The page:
This afternoon I took two of my three children to the protest outside senator Bob Corker’s office. If you’ve been living under a rock, Trump recently blocked refugees and legal residents from five mostly Muslim countries (where he does not hold business interests) from entering the country.
I honestly did not expect Trump to make such a bigoted move so quickly. Nor did I think he would pull it off as badly as he did. Especially worrisome is that he now appears to be snubbing his nose at a court stay of the president’s executive order. That is a serious danger to democracy, folks.
So I turned out to protest. It is one thing I could do. I know enough history to know that first a dictator gets democratically elected and then he dismantles the checks against his power. Of course, this has been underway for years. Greater power has shifted to the executive branch over the past few decades. No leader should be capable of something like this without congressional approval.
I brought my kids because it is important for them to understand what we value as a family. Today was a history lesson. It was a lesson in the past and an expression of our conviction never to repeat it. It is a cliché, but it is true, that the only thing necessary for evil to triumph is for good people to do nothing. Well, in our family, nothing is not an option.
I have been working through Vladimir Solovyov’s Justification of the Good and wanted to get your thoughts on an interesting passage. Solovyov is great at making clever arguments, and this one about the Tower of Babel struck me as particularly clever. Continue reading “Vladimir Solovyov on the Tower of Babel”
The hardest part about being an academic ronin is the lack of conversation. People with traditional academic jobs end up talking to friends and colleagues in the hall or at the bar. It is an important stimulant for creative thinking and for providing one with resources one might not otherwise have known about.
This morning I was reading Vladimir Solovyov’s The Justification of the Good where he talks about pity being the foundation of altruism. He criticizes Shopenhauer, who said that pity arises out of an identification of the self with the other; the boundary between two separate things gets blurred. Solovyov criticizes this idea on the basis that there are not two purely separate things to begin with. Were that the case, and people were constantly confusing themselves with others, then not only would children eat while their mothers starved, but it is just as true that mothers could grow fat while their children starved. People would be in a constant state of confusion. That is manifestly not the case. Continue reading “Thoughts on Solovyov and the Social Trinity”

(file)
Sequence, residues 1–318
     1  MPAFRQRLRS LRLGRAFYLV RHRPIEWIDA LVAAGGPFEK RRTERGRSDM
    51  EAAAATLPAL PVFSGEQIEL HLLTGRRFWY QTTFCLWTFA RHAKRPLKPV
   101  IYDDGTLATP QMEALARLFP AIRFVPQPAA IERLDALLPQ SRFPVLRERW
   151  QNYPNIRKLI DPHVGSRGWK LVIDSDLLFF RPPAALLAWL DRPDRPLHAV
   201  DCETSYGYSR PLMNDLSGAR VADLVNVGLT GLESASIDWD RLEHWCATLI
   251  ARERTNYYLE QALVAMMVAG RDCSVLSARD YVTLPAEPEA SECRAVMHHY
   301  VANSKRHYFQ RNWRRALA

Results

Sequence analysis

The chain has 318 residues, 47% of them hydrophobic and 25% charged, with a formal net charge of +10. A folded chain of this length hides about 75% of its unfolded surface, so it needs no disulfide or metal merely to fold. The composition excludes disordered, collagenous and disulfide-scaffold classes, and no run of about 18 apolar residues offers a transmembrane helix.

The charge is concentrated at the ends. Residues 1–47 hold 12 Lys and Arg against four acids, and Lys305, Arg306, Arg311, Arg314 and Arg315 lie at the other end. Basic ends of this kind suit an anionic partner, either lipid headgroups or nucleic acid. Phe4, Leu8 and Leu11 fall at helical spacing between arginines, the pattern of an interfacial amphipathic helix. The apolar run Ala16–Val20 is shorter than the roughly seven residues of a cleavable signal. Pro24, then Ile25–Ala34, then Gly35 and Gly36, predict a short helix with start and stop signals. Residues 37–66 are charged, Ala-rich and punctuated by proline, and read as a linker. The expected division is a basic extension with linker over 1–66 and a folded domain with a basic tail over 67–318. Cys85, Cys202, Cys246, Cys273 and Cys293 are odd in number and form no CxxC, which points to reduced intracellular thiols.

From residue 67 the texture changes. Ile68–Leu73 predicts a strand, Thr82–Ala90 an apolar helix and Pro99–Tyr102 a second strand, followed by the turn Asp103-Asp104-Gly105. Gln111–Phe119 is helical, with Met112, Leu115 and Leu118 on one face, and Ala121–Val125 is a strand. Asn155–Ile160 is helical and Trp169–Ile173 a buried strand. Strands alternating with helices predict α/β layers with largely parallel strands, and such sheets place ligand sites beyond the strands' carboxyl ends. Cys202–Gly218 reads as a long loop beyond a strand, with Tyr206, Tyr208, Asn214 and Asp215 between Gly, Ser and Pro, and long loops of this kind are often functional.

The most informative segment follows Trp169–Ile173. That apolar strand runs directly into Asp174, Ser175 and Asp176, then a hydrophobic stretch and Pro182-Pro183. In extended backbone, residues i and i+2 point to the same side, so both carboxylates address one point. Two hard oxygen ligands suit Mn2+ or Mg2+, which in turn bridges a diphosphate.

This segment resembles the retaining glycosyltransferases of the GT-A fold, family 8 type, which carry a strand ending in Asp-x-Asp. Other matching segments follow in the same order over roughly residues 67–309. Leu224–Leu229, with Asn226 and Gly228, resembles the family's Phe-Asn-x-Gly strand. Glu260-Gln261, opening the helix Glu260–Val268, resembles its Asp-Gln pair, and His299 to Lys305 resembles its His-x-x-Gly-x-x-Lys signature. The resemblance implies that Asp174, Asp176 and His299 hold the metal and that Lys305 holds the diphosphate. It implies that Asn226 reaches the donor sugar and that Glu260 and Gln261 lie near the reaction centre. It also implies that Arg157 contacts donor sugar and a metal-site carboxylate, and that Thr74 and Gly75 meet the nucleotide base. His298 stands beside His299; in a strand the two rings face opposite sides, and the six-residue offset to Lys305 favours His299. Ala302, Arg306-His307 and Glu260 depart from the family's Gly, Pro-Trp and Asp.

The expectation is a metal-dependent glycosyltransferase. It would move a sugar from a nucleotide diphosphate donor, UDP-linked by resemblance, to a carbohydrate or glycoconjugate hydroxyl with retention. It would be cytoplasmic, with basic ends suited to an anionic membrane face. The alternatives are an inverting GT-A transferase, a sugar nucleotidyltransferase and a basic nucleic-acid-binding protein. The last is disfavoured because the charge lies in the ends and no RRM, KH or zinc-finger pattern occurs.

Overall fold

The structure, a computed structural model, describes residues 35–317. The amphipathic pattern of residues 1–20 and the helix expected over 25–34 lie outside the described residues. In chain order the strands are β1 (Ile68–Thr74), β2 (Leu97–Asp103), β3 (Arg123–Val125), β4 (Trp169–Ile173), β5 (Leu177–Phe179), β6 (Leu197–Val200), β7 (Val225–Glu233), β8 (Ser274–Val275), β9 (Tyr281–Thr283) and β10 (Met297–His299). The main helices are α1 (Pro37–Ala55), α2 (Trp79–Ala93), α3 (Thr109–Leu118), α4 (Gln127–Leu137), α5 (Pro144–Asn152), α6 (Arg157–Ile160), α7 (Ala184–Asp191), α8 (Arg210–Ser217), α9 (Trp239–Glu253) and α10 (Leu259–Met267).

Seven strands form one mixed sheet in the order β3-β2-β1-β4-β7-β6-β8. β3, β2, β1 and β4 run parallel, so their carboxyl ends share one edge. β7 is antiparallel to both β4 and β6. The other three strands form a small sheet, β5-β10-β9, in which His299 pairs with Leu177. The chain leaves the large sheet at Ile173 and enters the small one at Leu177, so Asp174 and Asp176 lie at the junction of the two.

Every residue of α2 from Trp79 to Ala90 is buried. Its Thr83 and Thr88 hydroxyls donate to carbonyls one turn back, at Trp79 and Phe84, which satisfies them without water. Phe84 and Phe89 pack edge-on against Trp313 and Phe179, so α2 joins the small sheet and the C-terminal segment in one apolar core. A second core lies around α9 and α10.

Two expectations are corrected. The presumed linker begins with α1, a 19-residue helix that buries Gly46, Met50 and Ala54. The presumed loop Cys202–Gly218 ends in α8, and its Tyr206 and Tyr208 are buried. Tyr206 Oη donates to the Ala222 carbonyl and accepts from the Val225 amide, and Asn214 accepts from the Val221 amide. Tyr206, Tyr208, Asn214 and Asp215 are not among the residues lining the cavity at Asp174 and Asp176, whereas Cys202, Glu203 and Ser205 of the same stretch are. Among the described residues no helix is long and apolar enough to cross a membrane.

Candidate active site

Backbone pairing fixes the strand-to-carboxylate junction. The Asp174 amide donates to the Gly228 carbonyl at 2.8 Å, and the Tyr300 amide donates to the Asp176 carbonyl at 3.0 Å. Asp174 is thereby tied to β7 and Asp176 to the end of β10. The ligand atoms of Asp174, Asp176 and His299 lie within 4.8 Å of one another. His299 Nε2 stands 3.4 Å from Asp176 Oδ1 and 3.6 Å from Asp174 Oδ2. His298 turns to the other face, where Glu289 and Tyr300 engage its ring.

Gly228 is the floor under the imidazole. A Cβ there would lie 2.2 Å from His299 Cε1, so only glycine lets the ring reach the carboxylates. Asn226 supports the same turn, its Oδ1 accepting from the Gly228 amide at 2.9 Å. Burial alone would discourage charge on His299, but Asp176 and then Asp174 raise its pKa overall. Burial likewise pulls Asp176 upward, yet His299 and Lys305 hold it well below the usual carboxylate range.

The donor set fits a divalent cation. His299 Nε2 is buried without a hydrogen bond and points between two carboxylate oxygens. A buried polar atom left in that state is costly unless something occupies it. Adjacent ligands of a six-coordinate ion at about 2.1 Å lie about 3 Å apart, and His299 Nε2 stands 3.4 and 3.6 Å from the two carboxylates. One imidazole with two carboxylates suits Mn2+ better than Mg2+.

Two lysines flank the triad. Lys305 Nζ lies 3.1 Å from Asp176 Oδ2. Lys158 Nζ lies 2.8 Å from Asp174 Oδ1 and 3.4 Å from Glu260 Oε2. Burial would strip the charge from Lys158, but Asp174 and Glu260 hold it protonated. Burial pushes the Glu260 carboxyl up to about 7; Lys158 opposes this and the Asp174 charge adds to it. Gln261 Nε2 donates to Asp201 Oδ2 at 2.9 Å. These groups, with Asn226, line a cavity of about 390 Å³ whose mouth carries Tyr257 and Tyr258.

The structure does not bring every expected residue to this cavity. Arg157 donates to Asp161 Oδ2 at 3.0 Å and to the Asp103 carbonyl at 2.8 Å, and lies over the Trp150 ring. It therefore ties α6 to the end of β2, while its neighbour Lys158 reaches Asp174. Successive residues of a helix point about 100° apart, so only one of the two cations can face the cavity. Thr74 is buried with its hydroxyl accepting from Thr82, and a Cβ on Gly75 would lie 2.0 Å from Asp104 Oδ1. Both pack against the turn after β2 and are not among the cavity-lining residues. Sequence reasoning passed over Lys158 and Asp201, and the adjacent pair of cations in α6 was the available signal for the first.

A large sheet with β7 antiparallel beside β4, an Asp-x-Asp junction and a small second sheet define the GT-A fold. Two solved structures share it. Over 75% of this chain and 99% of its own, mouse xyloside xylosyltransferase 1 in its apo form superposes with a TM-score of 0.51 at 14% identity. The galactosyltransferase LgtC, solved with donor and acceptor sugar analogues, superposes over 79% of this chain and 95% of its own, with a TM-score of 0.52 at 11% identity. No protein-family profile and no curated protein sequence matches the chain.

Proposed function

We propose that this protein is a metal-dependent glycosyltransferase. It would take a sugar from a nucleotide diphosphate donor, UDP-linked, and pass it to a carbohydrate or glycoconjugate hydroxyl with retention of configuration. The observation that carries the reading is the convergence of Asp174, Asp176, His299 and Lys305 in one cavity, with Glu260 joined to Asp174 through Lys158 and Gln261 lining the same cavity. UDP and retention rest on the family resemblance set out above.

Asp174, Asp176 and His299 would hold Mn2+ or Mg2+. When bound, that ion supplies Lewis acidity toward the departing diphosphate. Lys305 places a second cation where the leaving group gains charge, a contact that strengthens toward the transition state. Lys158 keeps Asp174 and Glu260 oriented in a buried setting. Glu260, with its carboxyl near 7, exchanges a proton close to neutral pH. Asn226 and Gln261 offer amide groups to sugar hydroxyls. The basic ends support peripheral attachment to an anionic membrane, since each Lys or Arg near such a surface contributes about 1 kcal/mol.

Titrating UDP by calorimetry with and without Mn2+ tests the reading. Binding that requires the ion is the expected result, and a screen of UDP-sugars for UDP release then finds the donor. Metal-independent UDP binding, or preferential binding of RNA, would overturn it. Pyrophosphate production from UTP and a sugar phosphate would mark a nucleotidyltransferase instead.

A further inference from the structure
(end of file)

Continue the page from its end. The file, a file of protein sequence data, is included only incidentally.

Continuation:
Stephanie is a type two diabetic. After feeling crummy for a few days, last night she woke up several times vomiting. She got dehydrated. Imagine boiling a pot of salt water. The salt-to-water ratio gets higher. Blood sugar is like that. The more dehydrated she got, the higher her blood sugar went. For a while I was telling her she just had the flu, which may have been the case. But when her blood sugar hit the 450s, when it was in the 470s after I gave her insulin, and when she became delirious and incoherent, I decided we needed to get her to the ER. Continue reading “My Wife is in the Hospital”
Today, I published an article in the Huffington Post in which I describe what would happen if God made a “your momma” joke. This got me thinking about feedback I got on a presentation this week; I was told that the levity in my presentation was incongruous with the gravity of the content. Continue reading “On Having “Too Much Style””